Let us ask ourselves, as the Americans would say, the 64,000 dollar question: What does it mean when Dharamshala proudly releases a photograph of our cabinet ministers and officials, not only posing happily with these two turncoats, but actually acknowledging their superiority by according to them the central position in the group? And let’s not also forget to ask why the Dalai Lama’s own brother, Lobsang Samten, is cheerfully kneeling before these wretches.
I think one can reasonably assume tha Dharamshala now tacitly acknowledges that Ngabo and Phuntsog Wangyal were not only right in their behaviour, but that they are now to be recognized and respected as some kind of national leaders (superior to cabinet ministers). It is a long shot, but a fairly safe one to further assume that Dharamshala is now prepared to travel on the same road that these traitors took many years ago.
The policies of Dharamshala have for the past many years puzzled even its most ardent supporters. But now a distinct and sinister pattern is beginning to emerge which can no longer be ignored. Why did Dharamshala insist on the surrender of the Tibetan resistance forces in Mustang, even when a number of the officers committed suicide in protest? Why did the minister, Phuntsog Tashi Takla, in charge of the surrender proceedings, suddenly leave Nepal before any written treaty had been concluded, giving the Nepalese the perfect excuse to murder a number of the leaders including the commander, Wangdu, and imprison some of the others? Why, in more recent years, has Dharamshala not only discouraged but actively opposed any kind of meaningful patriotic activity?
In March, 1977, thousands of Tibetans converged on Delhi, and after a violent demonstration before the Chinese Embassy, commenced a hunger strike before the office of the U.N. representative. The hunger strike was unexpectedly and dramatically successful. Not only did the Janata Party (then the new ruling party) pledge, in writing, to help in the struggle for Tibetan independence, but many ministers of the Indian government and national leaders like Jaya Prakash Narayan and Acharya Kripalani personally reiterated this pledge.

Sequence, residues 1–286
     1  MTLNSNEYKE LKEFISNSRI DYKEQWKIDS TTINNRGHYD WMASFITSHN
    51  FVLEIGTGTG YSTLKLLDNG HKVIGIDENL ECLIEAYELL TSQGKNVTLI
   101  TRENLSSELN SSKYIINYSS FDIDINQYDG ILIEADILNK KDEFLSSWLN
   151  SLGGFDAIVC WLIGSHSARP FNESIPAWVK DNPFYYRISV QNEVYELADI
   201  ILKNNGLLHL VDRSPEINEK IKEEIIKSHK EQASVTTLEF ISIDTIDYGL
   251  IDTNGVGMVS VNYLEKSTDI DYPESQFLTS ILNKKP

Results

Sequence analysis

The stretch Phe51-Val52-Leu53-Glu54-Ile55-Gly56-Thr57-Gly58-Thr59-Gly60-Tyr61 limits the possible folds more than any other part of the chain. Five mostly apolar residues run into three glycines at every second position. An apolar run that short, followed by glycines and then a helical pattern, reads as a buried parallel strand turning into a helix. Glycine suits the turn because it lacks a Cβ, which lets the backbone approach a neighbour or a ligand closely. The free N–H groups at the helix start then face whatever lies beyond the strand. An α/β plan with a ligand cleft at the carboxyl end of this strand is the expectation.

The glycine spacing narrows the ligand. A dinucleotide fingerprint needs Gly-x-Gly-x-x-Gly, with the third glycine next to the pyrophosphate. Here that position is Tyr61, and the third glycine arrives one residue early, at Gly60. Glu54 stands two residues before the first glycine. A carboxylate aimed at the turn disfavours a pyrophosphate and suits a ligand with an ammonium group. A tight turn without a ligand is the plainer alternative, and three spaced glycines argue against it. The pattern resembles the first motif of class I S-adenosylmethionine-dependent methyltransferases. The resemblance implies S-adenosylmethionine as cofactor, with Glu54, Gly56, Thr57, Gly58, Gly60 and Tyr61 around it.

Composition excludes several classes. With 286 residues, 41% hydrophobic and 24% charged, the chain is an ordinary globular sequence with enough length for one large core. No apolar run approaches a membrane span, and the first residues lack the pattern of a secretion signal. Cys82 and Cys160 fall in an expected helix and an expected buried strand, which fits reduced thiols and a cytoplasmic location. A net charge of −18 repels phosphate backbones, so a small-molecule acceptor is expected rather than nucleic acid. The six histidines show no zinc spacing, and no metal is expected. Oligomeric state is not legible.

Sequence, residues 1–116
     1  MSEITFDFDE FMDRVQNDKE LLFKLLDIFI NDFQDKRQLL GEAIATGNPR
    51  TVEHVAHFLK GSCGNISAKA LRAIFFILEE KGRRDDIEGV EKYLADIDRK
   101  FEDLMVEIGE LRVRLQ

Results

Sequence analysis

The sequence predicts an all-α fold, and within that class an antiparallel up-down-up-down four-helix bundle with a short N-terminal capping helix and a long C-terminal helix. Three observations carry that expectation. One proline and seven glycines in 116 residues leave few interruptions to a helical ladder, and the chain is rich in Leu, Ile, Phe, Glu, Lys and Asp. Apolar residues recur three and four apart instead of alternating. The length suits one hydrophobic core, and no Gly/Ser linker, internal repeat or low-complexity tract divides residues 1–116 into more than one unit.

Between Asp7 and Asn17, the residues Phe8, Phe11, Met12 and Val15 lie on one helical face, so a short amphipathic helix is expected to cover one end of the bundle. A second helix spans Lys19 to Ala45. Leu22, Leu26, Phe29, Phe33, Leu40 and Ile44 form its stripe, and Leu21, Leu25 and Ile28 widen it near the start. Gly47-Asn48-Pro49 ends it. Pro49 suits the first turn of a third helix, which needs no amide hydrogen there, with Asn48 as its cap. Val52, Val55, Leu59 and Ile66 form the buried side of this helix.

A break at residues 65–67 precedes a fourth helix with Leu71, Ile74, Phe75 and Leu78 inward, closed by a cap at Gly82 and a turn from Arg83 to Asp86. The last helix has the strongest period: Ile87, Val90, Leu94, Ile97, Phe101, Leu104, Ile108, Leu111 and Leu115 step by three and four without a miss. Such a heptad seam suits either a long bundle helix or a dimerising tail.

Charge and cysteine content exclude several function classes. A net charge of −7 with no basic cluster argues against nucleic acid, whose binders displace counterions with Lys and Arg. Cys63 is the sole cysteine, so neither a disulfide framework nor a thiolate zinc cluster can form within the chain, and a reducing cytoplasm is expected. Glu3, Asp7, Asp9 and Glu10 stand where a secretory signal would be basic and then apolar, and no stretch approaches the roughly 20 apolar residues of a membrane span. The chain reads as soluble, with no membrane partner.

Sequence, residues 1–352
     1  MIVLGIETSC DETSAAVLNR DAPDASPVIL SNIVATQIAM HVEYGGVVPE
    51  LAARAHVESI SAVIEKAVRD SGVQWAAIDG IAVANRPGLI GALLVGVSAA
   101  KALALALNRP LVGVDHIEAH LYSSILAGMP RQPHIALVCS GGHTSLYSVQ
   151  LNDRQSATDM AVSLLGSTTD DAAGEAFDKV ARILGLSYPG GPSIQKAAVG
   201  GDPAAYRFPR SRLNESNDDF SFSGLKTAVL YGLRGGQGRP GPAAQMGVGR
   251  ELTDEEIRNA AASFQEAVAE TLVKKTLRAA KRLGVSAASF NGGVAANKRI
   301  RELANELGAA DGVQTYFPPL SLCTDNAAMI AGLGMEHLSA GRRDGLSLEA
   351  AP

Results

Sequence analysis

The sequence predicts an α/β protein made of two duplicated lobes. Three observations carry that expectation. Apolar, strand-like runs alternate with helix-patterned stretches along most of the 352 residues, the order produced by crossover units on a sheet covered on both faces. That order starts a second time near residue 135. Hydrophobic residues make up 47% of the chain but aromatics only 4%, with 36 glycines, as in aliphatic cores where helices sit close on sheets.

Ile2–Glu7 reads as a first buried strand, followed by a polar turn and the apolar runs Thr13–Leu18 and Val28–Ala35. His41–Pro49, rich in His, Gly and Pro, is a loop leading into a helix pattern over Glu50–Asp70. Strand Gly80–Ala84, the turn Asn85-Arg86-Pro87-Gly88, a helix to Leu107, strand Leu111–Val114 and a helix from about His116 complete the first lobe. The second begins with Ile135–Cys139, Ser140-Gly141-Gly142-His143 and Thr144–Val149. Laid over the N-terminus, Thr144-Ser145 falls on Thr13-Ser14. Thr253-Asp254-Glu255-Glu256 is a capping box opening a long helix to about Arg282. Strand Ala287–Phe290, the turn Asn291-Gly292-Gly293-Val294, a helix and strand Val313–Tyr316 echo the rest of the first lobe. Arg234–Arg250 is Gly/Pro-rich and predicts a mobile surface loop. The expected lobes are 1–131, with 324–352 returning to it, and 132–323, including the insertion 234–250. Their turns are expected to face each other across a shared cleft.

The American Embassy also took a very sympathetic attitude and promised to do all it could to convey to President Carter the legitimacy of the Tibetan issue and the need for American support on the question of human rights for Tibetans. No other Tibetan activity in India had received so much publicity since 1959. The strike was given extensive coverage, not only in Indian and international papers, but also by various Indian and foreign television networks. Nearly every Tibetan refugee was galvanized by this movement and sympathy strikes took place, not only in India, but also abroad.
However, Dharamshala condemned this movement, branded its leaders as “spies and traitors”, denigrated the pledges of the Janata Party as “useless”, and in the name of the Dalai Lama forbade any kind of patriotic movement of this sort. But what hurt everyone the most was the totally unfounded and scurrilous accusation that the eight hunger-strikers had secretly taken vitamin pills and other nutrition during their vigil. They were all poor, mostly old soldiers and a middle-aged lady, and to stoop so low, to cast such a vile slur on the selfless courage and sacrifice of these humble people, was an act of unspeakable meanness and petty-mindedness. Even now I cannot think of it and not feel deep despair at the depths of moral degeneracy to which our ruling class has sunk.
So here are the facts. Even if we were to give Dharamshala every possible benefit of the doubt and not interpret the data in the light of a conspiracy, the facts would still force themselves very uncomfortably into our suspicions. No doubt our cabinet ministers will wail their protests and repeat for the umpteenth time that they have no intention of surrendering to the Chinese; but a man who steadily drinks a bottle of whiskey a day does not also, necessarily, have intentions of getting cirrhosis of the liver.
Let the reader decide for himself. All I want, before concluding, is to advise him or her to once again study the photograph closely. It may make him or her feel like throwing up, but even then, this disgusting portrait of our leaders smirking ingratiatingly and sucking-up to traitors and base scoundrels will at least convey an immediate physical impact, which my inadequate description and analysis may not. Didn’t a Chinese sage once say that “a picture was worth a thousand words” ?